BioPower Group and ThomasLloyd:
JOINT FIGHT AGAINST COVID-19
IN THE PHILIPPINES
From the provision of personal protective equipment and medical supplies for clinics and quarantine centers to the creation of additional laboratory capacity and the provision of a mobile testing station, BioPower Group is providing numerous resources on the Philippine island of Negros to support the region in the combat against COVID-19. ThomasLloyd is very proud of the commitment of our project companies in the Philippines.
The „Health Center of Sitio Bais“:
ENERGY IS A PREREQUISITE
FOR HEALTH AND LIFE
Another example of the off-grid electrification projects run by the ThomasLloyd Foundation is the Health Centre in Sitio Bais. The remote village is situated in the district of Yubo, around 18 kilometres from La Carlota City, the site of the ThomasLloyd biomass power plant South Negros BioPower that is currently under construction, and in the rainy season can only be reached by heavy four-wheel drive vehicles. Most of the inhabitants work in agriculture, primarily farming bananas and making charcoal. The average income is below the poverty line, so children and teenagers are also called on to work in the fields, which means they do not get an adequate school education. However, an existing local health centre responsible for 150 families had no electricity, no regularly present medical staff and also had to provide health care for two other villages in the vicinity.
Opening of the new Health Centre of Sitio Bais - It’s the beginning of a new era for a small village in the mountains of the Philippines.
ThomasLloyd had set itself the goal of bringing electricity to this off-grid health centre. As a result, the 10th of April 2018 was an immense day for the little community of Sitio Bais. The health centre there reopened and was handed over to the community to fulfil its purpose – with new solar power sourced from a photovoltaic system installed by the ThomasLloyd Foundation and featuring a capacity of 6,000 watts. That’s sufficient to power operations at the health centre and sufficient to charge the smartphones and battery-powered lights that ThomasLloyd has provided to the village’s residents, who don’t have electricity – or light – at home.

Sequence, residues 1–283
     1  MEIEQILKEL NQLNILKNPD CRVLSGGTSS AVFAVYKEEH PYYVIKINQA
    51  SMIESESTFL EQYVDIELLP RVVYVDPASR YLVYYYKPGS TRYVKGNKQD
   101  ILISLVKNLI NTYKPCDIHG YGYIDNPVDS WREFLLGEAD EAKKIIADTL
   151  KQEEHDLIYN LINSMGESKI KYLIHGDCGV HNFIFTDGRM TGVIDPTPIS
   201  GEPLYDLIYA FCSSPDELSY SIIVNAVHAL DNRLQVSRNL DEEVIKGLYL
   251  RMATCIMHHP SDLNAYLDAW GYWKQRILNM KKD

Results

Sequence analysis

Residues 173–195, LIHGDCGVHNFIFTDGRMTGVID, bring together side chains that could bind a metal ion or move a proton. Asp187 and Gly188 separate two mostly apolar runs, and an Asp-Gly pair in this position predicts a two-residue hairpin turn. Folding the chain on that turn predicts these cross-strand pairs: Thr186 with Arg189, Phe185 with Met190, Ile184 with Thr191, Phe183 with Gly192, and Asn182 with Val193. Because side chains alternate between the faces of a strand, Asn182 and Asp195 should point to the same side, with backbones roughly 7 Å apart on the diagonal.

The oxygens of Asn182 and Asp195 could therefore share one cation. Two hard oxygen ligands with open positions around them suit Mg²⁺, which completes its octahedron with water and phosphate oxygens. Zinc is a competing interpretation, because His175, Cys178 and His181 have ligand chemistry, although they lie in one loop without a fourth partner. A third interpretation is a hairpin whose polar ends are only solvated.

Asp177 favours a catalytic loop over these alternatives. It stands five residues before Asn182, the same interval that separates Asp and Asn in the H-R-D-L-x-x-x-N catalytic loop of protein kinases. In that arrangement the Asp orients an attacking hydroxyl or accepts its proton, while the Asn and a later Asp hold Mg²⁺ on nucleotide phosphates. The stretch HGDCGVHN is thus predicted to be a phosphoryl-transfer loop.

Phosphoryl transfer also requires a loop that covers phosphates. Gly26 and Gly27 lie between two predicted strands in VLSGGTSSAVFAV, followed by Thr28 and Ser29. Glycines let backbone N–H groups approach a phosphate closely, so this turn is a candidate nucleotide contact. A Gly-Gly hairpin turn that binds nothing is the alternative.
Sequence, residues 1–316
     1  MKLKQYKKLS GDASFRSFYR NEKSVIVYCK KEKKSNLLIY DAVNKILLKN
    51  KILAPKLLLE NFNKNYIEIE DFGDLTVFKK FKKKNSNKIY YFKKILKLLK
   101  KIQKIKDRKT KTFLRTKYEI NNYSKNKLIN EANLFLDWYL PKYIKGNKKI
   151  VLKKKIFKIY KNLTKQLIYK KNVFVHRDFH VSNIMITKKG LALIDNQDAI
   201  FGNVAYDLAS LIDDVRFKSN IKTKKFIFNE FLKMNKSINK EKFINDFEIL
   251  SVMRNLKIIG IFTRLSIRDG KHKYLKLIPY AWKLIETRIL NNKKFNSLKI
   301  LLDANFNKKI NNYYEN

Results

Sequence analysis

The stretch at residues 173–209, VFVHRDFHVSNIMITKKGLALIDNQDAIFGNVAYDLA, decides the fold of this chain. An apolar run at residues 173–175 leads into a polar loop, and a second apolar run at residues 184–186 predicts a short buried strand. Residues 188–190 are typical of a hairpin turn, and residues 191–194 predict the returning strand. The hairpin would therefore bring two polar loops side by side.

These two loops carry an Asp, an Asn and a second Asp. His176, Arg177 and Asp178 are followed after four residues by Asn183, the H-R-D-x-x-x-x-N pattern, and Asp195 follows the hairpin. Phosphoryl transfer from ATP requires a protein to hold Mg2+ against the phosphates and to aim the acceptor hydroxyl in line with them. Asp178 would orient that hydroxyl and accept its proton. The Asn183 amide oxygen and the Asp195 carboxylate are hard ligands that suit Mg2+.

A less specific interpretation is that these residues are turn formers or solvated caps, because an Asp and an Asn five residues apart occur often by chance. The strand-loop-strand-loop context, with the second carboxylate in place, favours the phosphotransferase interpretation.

The planned electrification of the health centre also set the ball in motion for the provincial government and the Philippine Department of Health getting involved in the project. These authorities are now providing the staff that are regularly on shift at the centre. Previously the centre had only been staffed highly irregularly. The electricity needed to refrigerate medicines and vaccines or operate diagnostic devices simply wasn’t there. Until now, the people of the village had to embark on an arduous journey to La Carlota City, 18 kilometres away, if they wanted to visit the doctor. Then they’d have to make the trip back too. Bear in mind that this was without a car and with the first two kilometres spent traversing a steep trail through the tropical Philippine undergrowth by foot. Children too had to walk for many hours through this mountainous terrain to be vaccinated or treated in the neighbouring health centre.
This foundation project is consequently a sign of ThomasLloyd’s commitment to assisting with the establishment of elementary living conditions and to support lasting social progress above and beyond its infrastructure projects. The health centre is additionally an excellent example of the ThomasLloyd Foundation’s strategy of furthering social and ecological progress with off-grid solutions in remote and underdeveloped districts close to its infrastructure projects where there is little likelihood of being connected to the commercial electricity grid in the foreseeable future.